From the other side of the Chaba we weaved our way upwards following a ridge to treeline. The bush here was quite thick in places so progress was slow but steady, already at this point it was getting hot out and we were all excited to break into the alpine for a breeze. There were a few pleasent points up the bush, a shady waterfall being the most memorable. Leaving the trees behind we emerged into a postcard perfect area of tall peaks, colorful grass, and blue skies, and best of all our bivy site was right in the middle of it!

From the bivy site on the higher of the two lakes below Catacombs we ditched a bunch of gear and set up the gully that we had decided 'should probably work' from a far away picture Eric took in ages past. The route turned out to be great with only moderate scrambling (though much of it loose) up to gain the prominent bench which marks the edge of the glacier, which is big enough that it should be called an icefield.

Once on glacier we decided to split into two rope teams with Liam, Eric, and Vern up front and Steven and I hanging back as a rescue rope. The glacier is fairly benign at the start as we countored northwards avoiding the sketch parts directly above before heading up to see a wider part of the glacier with huge crevasses! Big props to Liam for leading up on the glacier avoiding any holes and eventually snaking back up to the summit.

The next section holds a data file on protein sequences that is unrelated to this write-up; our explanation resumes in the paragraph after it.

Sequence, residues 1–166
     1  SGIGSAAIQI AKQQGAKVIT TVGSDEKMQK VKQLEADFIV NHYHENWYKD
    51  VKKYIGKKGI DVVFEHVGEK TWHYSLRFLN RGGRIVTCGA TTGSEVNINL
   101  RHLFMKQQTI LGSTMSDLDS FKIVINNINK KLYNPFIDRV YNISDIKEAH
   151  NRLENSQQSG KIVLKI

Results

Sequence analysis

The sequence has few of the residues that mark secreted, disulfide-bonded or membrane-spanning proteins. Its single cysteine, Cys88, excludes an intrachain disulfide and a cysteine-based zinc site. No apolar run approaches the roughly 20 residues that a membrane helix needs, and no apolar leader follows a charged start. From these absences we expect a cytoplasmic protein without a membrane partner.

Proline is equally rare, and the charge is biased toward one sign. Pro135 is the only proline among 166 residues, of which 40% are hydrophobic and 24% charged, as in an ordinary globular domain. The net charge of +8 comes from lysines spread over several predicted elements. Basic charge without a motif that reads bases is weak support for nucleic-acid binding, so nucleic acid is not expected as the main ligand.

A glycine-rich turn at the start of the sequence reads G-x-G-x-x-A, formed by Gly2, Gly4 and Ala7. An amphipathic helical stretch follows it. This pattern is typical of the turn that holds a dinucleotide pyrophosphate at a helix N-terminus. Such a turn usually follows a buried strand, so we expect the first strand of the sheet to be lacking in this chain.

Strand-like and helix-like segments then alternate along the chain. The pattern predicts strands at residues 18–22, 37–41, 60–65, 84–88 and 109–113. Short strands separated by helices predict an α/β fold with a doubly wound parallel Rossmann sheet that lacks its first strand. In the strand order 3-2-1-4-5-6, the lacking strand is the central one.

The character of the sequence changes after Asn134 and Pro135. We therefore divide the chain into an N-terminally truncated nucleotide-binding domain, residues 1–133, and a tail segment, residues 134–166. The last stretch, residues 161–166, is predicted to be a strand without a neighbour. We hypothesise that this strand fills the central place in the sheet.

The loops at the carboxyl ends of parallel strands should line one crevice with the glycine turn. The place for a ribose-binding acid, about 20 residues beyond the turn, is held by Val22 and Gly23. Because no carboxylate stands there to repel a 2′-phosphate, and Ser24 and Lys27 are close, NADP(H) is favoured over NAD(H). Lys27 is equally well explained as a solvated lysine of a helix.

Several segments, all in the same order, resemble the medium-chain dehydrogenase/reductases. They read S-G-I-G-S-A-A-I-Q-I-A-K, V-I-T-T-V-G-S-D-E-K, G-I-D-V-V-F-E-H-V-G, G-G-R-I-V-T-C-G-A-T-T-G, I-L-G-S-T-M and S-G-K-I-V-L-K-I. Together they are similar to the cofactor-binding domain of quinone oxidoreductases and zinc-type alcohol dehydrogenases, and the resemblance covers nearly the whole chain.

The summit itself was actually bordered by a crevasse so we were forced to take turns up top getting pictures so safety. Views were pretty fabulous with the Winston Churchill Range and Columbia Icefied peaks dominating the skyline, well that and Clemenceau and some more BC peaks, views were great all around actually! Being a glacier capped summit no sign of a register, there was a rocky bench 20m below but it required traversing ice to get to and didn't seem worth it to build a cairn. After rotating through everyone for time on the true summit we headed back down retracing our steps back to the bench, deglacier-gear-ified and headed back to camp.

Spirits were high back at camp, we were a half day ahead of our original schedule (which proved essential on Sunday) and after some delicious dehydrated grub it was time to bask in sunset views and enjoy the starry skies above.

Day 2